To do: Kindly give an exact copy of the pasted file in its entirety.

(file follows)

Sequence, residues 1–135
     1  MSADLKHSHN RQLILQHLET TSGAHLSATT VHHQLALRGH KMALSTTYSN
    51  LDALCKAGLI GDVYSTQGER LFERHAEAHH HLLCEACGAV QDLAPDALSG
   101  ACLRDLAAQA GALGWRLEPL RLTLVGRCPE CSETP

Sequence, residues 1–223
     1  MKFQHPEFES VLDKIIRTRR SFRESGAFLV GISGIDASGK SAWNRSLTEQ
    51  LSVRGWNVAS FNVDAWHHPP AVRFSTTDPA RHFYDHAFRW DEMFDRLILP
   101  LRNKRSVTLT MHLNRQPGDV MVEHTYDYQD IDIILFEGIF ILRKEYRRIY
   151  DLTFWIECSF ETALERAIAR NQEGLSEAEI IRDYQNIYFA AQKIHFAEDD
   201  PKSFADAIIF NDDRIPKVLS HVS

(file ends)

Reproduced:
Sequence, residues 1–135
     1  MSADLKHSHN RQLILQHLET TSGAHLSATT VHHQLALRGH KMALSTTYSN
    51  LDALCKAGLI GDVYSTQGER LFERHAEAHH HLLCEACGAV QDLAPDALSG
   101  ACLRDLAAQA GALGWRLEPL RLTLVGRCPE CSETP

Sequence, residues 1–223
     1  MKFQHPEFES VLDKIIRTRR SFRESGAFLV GISGIDASGK SAWNRSLTEQ
    51  LSVRGWNVAS FNVDAWHHPP AVRFSTTDPA RHFYDHAFRW DEMFDRLILP
   101  LRNKRSVTLT MHLNRQPGDV MVEHTYDYQD IDIILFEGIF ILRKEYRRIY
   151  DLTFWIECSF ETALERAIAR NQEGLSEAEI IRDYQNIYFA AQKIHFAEDD
   201  PKSFADAIIF NDDRIPKVLS HVS